An opinion piece by New York Times columnist Charles Blow appeared online Sunday under the headline, “Yes, Even George Washington,” calling for the removal of all public monuments to the first President of the United States, whom Blow has judged to be among the “amoral monsters” who led the American Revolution and helped found the country 244 years ago.
“On the issue of American slavery, I am an absolutist: enslavers were amoral monsters,” Blow declares. His argument is an extension of that advanced in the Times’ racialist 1619 Project, which claims that the aim of the American Revolution was to defend slavery against British plans for its abolition.
Blow writes: “Some people who are opposed to taking down monuments ask, ‘If we start, where will we stop?’ It might begin with Confederate generals, but all slave owners could easily become targets. Even George Washington himself.”
Blow then proclaims, with the special elegance that distinguishes his columns, “To that I say, ‘abso-fricking-lutely!’”
Early Monday morning, not long after Blow’s column was published, the monument arch in Washington Square Park in New York City commemorating the centenary of Washington’s inauguration was vandalized with red paint. The paint dripped down from the heads of two statues of Washington, one depicting him as the commander of the revolutionary Continental Army and the other as president.
This latest assault on a monument to Washington follows the pulling down last month of Washington and Jefferson monuments in Portland, Oregon, and the toppling of a bust of Civil War general and Reconstruction President Ulysses S. Grant in San Francisco, California. Monuments to Abraham Lincoln, who led the Second American revolution and destroyed slavery, as well as monuments to abolitionists such as Robert Gould Shaw and Hans Christian Heg, have come under attack as racist and “white supremacist.”
The attack by the Times on Washington is a part of the effort by the Democratic Party and its operatives to derail the popular multiracial protests against police violence which erupted last month in the wake of the murder of George Floyd. Capitalizing on the historical ignorance which they have fostered, Blow and the Times are working overtime to redirect popular opposition along racial lines and behind the Democratic Party.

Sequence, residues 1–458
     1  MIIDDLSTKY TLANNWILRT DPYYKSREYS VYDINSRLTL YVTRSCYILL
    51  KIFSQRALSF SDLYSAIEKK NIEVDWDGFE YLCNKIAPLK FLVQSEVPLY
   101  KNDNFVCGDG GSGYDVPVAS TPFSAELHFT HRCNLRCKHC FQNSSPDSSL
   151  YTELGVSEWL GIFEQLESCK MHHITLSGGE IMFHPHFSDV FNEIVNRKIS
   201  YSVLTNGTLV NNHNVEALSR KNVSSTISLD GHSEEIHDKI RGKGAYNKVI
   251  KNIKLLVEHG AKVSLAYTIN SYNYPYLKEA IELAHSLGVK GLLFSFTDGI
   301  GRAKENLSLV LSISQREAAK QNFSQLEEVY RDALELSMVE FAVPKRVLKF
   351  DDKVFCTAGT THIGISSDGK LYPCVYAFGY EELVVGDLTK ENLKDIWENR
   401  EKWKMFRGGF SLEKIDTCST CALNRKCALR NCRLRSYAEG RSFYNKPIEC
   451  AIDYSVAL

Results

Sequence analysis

There is nothing progressive in the destruction of statues and monuments which memorialize the leaders of the American Revolution and the Civil War.
But for Blow, there is nothing to discuss about the contradictory yet progressive legacy of the men who led the first Revolution and set the ground for the annihilation of slavery less than nine decades later.
If one accepts Blow’s definition of those who owned slaves as amoral monsters, beyond the pale, then even those who opposed slavery at the time, such as John Adams, Thomas Paine and Benjamin Franklin, cannot be judged innocent. After all, they collaborated with those evil beasts, Washington and Jefferson, in waging war against Great Britain and establishing a Constitution which protected slavery. The whole project to create “A government of laws and not of men,” a precept laid out by Adams, must be thrown out, having been tainted by the irredeemable sin of slavery.
If indeed the American Revolution was made by “amoral monsters,” how is it possible that these wicked creatures, beyond human compassion and unconstrained by any ethical considerations, came to produce such moral and epoch-shaping documents as the Declaration of Independence, the US Constitution and the Bill of Rights? How was it possible that Thomas Jefferson could claim, in a world dominated by monarchies and feudal relations, where birth meant everything and hierarchy dominated, that it is self-evident that all men were created equal? Or advance the conception that the people had a right to revolution, to overthrow an oppressive government and establish their own?
Prior to Jefferson the right to life, liberty and property had been clearly outlined, but in the Declaration of Independence he advanced a much more radical conception of the “right to life, liberty and pursuit of happiness.” Such a conception could only have been advanced at a time when questions were being raised about the very nature of property and what it meant to hold any form of property, particularly fellow human beings.
Despite Blow’s contention, even Washington’s relationship to slavery both in regards to the political as well as the personal was in fact quite complex and changed over time, from a position of taking the institution as a given, having inherited his first slaves from his father while still a boy, to questioning the institution among his closest correspondents and ultimately freeing his slaves after his death.
As with society at large, it was the American Revolution, with its declaration of fundamental human equality, which placed for the first time a question mark over Washington’s views on slavery. In 1774, he signed his name to the Fairfax Resolves, a document which included a denunciation of the trans-Atlantic slave trade as “wicked, cruel and unnatural,” and called for its immediate end.